At dinner with Ms. South, Ms. Watts confided that what she cared about most was, somehow, continuing her life with Mr. Soto. They had been dance partners since his early ascent in the ballet company after he joined it in 1981. “I told Mary that I wasn’t scared of life not dancing, but I was scared of not spending time with Jock.”
Invitations to dinner parties given by Ms. Watts and Mr. Soto are coveted by a certain set. The idea for a cookbook and entertaining guide seemed natural. “It took nearly three years to write,” Ms. Watts said, “because I went into a coma when I stopped dancing.”
“A well-deserved coma,” Mr. Soto offered.
These are self-taught hosts. Ms. Watts, the daughter of an aerospace engineer father and British war-bride mother, was raised in Los Angeles. “In those days, it was considered a sign of affluence to buy the new packaged foods. I remember we’d drive past the farmer’s market to Ralph’s grocery store so we could buy frozen food.”
Mr. Soto grew up near a Navajo Indian reservation in Arizona: “We never saw real vegetables. And you can’t drink the water. My mother learned to cook Spanish rice for my father, who is Puerto Rican, and we had it every day with fried cornbread and, sometimes, mutton.”
“That’s old lamb, like me,” Ms. Watts interjected.
Mr. Soto was 16 when he joined the ballet in New York. “I started to acquire taste because we were asked to dinners and holidays at the home of artist Jane Wilson and the writer John Gruen. Jane is an incredible cook.” Although Ms. Watts was also a frequent guest at the Wilson-Gruen household on the Upper West Side, her interest in food developed more slowly. She remembered a time, while she was living with Peter Martins, now the New York City Ballet’s master in chief, when he announced he’d invited “Misha for dinner that night. I looked at Peter as if he were deranged. I kept books in our oven! So I ran to the Silver Palate and told them a Russian was coming for dinner; what should I serve? They recommended Russian salad, chicken salad and potato salad. All mayonnaise, but no one complained.”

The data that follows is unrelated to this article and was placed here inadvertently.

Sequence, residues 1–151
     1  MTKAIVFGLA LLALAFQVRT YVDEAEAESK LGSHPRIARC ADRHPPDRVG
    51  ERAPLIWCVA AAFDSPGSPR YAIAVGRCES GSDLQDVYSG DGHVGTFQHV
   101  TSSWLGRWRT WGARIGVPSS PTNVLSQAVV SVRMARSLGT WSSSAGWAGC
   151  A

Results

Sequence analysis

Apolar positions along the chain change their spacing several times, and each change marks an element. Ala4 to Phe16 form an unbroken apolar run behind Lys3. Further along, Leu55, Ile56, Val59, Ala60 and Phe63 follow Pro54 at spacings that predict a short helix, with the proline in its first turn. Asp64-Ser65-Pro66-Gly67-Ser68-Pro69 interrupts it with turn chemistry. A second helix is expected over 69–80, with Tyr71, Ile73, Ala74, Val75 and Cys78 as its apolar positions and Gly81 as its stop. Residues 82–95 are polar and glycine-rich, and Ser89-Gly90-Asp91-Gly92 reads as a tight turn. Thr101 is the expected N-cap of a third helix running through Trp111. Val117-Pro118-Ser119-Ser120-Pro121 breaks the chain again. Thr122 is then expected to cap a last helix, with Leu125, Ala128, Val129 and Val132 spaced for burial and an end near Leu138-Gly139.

The cooking partnership of Ms. Watts and Mr. Soto began its boil, if you will, when Mr. Martins-long before he married Darci Kistler and Ms. Watts ignited with Mr. Woetzel-took a weekend house in Connecticut about 10 years ago. “All our guests would go off water-skiing or whatever, and Jock and I would head into the kitchen,” Ms. Watts recalled.
“It was such a relief from dancing, from performing all the time,” Mr. Soto said. “We could stay in this cubicle with each other and talk about our lives, talk about performances and, while doing so, we learned to cook.”
The recipes they selected for Our Meals were chosen by remembering the various feasts they had prepared over the years. “Sometimes we remembered the pasta first,” Ms. Watts said, “sometimes we remembered the people.” Or favorite failures. For instance, the time Mr. Soto wanted to impress Jane Wilson and John Gruen by bringing tiramisù for Thanksgiving dessert. Mr. Soto had danced the night before and was rushed that morning. The nearest gourmet shop was out of the mascarpone cheese needed for tiramisù. “So I bought the nearest cheese; cheese is cheese, right?”
Except when it’s Gorgonzola, which was Mr. Soto’s replacement.
“And all anyone wanted was pumpkin pie,” Ms. Watts said.